Game Review: The Walking Dead: Saints & Sinners

By Aaron Potter | | 631 |

Robert Kirkman’s world of decomposing flesh-eaters has seen so many interactive adaptations, you’re probably wondering what new can be done with The Walking Dead in video game form. Well, developer Skydance Interactive clearly did too, having the initiative to take this established universe and present it in a way never experienced by players before. The Walking Dead: Saints & Sinners is a first-person survival game that pits you face to face with the undead head on using the wonders of virtual reality. And while it may have already released last year for Oculus, it’s recent surprise launch on PlayStation VR now ensures console players get to enjoy the scares.

You take on the role of a survivor known only as the tourist, arriving in a dilapidated version of New Orleans in search of safety in somewhere called The Reserve. Getting there involves building up a good amount of vital materials, undergoing various resource runs to stay alive and just generally learning to always stay weary of your surroundings. You wouldn’t want to get unexpectedly overrun by an undead herd, after all. Mechanics like this are the basis of any decent survival game, sure, but while a lot of these titles tend to hinder you to the point of tedium, Saints & Sinners blends these aspects seamlessly with fun physics and combat.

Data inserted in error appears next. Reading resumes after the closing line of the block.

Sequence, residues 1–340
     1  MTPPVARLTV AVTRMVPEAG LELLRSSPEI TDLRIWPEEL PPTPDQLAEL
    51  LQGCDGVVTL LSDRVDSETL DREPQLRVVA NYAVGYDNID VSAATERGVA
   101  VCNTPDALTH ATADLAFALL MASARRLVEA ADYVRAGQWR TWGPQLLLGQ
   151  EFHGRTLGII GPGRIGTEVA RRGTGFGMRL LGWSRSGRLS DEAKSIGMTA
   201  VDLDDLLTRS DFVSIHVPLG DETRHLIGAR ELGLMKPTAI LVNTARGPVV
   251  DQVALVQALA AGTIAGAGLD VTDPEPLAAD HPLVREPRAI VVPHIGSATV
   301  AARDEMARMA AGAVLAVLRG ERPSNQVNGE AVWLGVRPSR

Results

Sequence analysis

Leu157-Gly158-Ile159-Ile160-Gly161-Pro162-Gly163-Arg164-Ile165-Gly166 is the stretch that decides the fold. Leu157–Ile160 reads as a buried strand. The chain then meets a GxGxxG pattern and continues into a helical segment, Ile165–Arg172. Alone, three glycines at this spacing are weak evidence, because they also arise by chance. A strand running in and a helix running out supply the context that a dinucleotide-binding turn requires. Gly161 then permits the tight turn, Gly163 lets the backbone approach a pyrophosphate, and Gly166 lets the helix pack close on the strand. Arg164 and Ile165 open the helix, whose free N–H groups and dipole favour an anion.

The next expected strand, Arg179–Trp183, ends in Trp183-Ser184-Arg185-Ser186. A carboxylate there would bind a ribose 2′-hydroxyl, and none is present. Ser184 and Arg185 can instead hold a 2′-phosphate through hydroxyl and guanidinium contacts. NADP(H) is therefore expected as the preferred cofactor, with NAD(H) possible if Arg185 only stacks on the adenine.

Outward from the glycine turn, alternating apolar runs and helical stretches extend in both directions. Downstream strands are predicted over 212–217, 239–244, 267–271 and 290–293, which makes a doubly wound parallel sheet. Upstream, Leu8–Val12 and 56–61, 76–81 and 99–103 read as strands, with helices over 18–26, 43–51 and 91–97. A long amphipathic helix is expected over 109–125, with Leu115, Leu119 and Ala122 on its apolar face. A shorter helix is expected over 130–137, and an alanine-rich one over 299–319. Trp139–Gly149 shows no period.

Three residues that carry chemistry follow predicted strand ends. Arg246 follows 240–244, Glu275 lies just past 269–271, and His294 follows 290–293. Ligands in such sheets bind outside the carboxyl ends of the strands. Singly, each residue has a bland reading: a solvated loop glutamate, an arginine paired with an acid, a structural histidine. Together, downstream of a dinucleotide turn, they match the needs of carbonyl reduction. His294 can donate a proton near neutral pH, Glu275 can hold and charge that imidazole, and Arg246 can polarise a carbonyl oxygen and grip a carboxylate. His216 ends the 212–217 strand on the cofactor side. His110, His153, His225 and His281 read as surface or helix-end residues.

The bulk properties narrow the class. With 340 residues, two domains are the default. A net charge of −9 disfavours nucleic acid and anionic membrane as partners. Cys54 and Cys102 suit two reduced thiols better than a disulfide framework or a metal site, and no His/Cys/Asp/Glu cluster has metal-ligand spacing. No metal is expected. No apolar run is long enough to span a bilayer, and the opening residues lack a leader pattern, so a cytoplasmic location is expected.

Speaking of which, it’s worth mentioning that this is a PSVR game solely compatible with the PSVR move wands. That might irk some who are used to playing first-person VR games on the Dualshock, but for the most part The Walking Dead: Saints & Sinners handles pretty well – and that’s despite having to accommodate the move wands. Reaching for your backpack (where all your resources are stored) is as easy as reaching over your left shoulder, and similarly, pulling out your map by grabbing the right side of your chest feels natural. Simple motions like this do well to make you feel like a one-man swiss army knife, and really sells the idea that you’re this lone wanderer trying to survive.

In between missions you’ll return to a graveyard area which acts as your main hub, upgrading specific tables relating to guns, melee weapons and food in order to craft new and useful recipes. The Walking Dead: Saints & Sinners starts off with you only having a limited number of slots available in your backpack, which constantly forces you to judge exactly which resources to bring back with you. Eventually, though, you’ll learn what items are more useful than others, making you a far more effective scrounger. The Walking Dead – in all its adaptations – is an IP known for featuring tough character decisions, so it’s nice that as well as the expected faction alignment stuff, an element of this also plays a key part in the moment to moment gameplay.

Speaking to the horror aspect, and in the very early hours The Walking Dead: Saints & Sinners succeeds at setting an immensely creepy atmosphere. One of the major benefits of playing a game in virtual reality anyway is that there’s an inherent feeling of claustrophobia (whether that’s intended or not), but here it’s greatly benefiting – especially when you’re required to explore such settings as a crumbling tomb, creaky mansion and more. Throw a bunch of hungry walkers into the mix, and you can be sure that completing objectives is far from a breezy cakewalk.